Large meals and binge eating cause freshman 15

Carleigh Thrower

photo by Yasmeen El-Jayyousi
photo by Yasmeen El-Jayyousi
As seniors start to enter into their freshmen year of college the excitement is almost unbearable.  Teens can’t wait to leave the house they’ve spent years growing up in for a chance to be independent.  They can be free from parental constraint, yes the annoying eyes looming over you at every turn that can leave many gasping for a fresh start.  Although with all this excitement comes an often busy and stressful lifestyle, a lifestyle that not all teens are used to and often leave them to the regretful binge eating and unhealthy snacking.  Not only does this affect your overall health it also can lead that the seemingly mythological “freshmen 15.”
Yes we’ve all heard it, the freshmen fifteen.  It looms over student’s heads almost as much a studying for the biology test an hour from now.  Mostly from a combination of stress, changes in lifestyle and eating habits play the biggest role according to
“I think it’s very important for incoming freshmen to realize it can happen to them,” University of Missouri freshman Kacey Bradshaw said.  “‘The Freshmen Fifteen’ sounds like some sort of mythical thing, and nobody think they’re actually going to struggle with it.  You need to be honest with yourself so that you can go into college with a plan.”
University cafeterias don’t help the matter.  Stocked head to toe with fatty, oily foods, students fall prey to the often tempting treats. The buffet style cafeterias promote unhealthy portion sizes as well as encouraging second and third portions.
“It astonishes me how much food they have there. And you can just go back and keep getting more!” Bradshaw said. “If you have good self-control, you won’t struggle in this area because you can eat normal portions, but the food still isn’t that healthy. Another thing wrong with that food is that you don’t really know what you’re putting into your body, calories, carbs, sugars, a lot of the food is way unhealthier than most people think.”
Universities although are trying to curb their large portion habits by providing nutritional information on the food they serve as well as trying to make the healthy choice the easy choice says University of Missouri Nutrition and Exercise Physiology Professor Ellen Schuster.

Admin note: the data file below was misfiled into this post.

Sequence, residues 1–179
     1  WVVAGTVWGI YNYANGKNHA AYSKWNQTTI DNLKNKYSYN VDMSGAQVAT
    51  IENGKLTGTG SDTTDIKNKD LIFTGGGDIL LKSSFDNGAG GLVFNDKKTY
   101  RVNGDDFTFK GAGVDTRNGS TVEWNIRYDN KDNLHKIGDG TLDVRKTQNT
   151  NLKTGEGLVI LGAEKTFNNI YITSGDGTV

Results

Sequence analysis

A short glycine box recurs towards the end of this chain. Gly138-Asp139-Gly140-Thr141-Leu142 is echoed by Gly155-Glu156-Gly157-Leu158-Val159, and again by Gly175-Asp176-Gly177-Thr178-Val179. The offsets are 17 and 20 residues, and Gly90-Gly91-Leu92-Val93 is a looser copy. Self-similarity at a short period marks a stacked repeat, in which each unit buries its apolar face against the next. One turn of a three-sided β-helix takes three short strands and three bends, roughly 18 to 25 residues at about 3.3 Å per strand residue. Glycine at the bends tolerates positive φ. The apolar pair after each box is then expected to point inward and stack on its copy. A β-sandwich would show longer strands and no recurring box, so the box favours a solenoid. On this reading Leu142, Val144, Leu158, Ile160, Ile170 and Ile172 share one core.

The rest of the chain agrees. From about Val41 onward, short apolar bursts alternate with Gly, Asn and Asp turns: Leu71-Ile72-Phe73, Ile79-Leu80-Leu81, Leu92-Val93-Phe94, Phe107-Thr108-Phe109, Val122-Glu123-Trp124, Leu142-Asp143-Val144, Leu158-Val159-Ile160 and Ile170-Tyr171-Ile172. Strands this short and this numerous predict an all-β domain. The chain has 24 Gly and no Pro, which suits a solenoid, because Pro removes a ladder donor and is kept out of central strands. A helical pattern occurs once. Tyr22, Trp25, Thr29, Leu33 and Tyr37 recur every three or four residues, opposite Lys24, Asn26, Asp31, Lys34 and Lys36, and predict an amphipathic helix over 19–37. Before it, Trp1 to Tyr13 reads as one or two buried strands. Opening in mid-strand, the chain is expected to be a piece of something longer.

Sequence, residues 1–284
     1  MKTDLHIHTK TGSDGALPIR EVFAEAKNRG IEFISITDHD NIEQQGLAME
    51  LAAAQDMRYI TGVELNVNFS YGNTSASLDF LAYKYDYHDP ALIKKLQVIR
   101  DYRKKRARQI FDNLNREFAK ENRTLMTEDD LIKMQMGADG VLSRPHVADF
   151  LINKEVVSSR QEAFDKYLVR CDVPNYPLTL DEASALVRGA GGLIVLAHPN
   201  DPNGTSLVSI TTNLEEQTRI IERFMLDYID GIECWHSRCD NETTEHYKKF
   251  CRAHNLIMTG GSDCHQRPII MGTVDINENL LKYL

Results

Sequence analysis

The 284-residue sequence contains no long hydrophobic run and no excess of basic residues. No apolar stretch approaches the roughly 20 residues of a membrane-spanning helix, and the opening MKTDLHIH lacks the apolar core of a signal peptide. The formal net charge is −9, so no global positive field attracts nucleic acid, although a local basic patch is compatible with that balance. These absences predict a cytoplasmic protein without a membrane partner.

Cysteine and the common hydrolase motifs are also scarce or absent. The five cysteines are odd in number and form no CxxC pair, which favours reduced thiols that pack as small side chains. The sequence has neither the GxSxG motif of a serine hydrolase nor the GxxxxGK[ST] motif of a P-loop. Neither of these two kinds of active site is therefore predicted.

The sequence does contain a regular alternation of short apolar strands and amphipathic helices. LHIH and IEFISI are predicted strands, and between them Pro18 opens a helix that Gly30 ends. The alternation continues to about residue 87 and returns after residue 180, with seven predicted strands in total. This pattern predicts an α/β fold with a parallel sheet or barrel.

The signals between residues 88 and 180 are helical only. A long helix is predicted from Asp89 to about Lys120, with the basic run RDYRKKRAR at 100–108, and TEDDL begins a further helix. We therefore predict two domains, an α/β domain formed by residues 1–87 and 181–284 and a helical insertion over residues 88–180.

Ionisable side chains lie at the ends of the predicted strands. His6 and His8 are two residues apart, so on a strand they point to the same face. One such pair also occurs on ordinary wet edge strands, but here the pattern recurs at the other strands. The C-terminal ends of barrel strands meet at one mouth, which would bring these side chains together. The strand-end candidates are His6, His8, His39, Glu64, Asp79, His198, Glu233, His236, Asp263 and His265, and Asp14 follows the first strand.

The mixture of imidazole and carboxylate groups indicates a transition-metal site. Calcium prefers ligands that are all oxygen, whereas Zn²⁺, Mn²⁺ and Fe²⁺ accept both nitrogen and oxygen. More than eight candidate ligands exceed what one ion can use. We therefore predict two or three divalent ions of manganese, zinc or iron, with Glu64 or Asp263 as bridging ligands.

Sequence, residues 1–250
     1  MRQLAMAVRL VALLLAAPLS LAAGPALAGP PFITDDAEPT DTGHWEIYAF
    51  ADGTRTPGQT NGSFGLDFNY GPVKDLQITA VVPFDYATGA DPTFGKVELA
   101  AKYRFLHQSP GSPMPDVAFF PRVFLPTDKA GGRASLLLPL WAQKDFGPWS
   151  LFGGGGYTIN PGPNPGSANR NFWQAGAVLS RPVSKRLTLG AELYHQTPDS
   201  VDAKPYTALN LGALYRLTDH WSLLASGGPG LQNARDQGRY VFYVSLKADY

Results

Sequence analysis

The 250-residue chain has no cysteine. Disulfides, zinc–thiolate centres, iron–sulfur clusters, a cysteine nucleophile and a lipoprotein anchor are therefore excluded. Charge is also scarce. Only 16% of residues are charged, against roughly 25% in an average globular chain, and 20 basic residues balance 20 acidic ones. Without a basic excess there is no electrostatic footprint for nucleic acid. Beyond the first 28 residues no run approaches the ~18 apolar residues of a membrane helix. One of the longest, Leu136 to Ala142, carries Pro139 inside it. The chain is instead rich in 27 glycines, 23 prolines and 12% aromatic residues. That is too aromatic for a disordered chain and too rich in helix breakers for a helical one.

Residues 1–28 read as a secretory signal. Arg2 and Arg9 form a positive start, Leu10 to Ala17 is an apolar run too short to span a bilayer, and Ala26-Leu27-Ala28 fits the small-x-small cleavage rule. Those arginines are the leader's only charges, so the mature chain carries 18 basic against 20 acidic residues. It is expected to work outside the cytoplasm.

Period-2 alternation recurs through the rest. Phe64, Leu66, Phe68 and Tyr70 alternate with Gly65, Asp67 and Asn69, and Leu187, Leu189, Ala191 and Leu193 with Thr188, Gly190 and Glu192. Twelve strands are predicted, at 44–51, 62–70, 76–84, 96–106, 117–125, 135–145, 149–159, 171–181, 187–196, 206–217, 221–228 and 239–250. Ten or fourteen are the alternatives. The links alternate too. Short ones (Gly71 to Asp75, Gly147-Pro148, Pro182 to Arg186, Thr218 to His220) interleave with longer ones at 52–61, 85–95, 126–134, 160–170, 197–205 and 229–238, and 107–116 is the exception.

“You’re more likely to overeat or make unhealthy choices when hungry, keep healthy snacks available so unhealthy, high calorie snacks don’t tempt you, limit liquid calories – a lot of calories come from sugary drinks or smoothies, be physically active to reduce stress, you also spend time burning calories, not eating!” Schuster said. “Also get enough sleep,there’s research that links sleep quality/quantity to healthy weight.”
It’s even harder to keep off the pounds when you’re a culinary student, constantly surrounded by rich, decatent foods.  Senior, Mallory Barnes will be attending the Culinary Institute of America next fall and says that although she will be babarded with food options she feels her busy schedule will keep her away from eating what she cooks.
“Well at the ‘Culinary Institute of America’ we have a lot of choices from foie gras to t bone steaks to croissants,” Barnes said.  “But they also have healthier choices like local salads.  So just choosing things to eat will be a way to avoid gaining weight.  Also they have a really good althletic center and sports teams so I’m planning on utilizing both.”
Using the opportunities that the school provides will be another addition to help you stay at a healthy weight.  Freqent excercises and increased heart rate burn calories and create endorfensed which in turn help you stay postive.  It is easy to become overwhelmed in a new enviroment, although doing things that benifit you in the long run will ultimately give a more healthy outlook.
“Students may find themselves ‘saving’ calories during the day in order to drink at night – this too can lead to drinking too much (too many calories) and when you drink too much you may not be aware of what or how much you are eating,”Schuster said. “Eating fruits and vegetables can fill you up with few calories. Keeping a food diary or food journal can help you identify when you are eating and perhaps most importantly, why – are you stressed, sad, lonely, etc.”
By Carleigh Thrower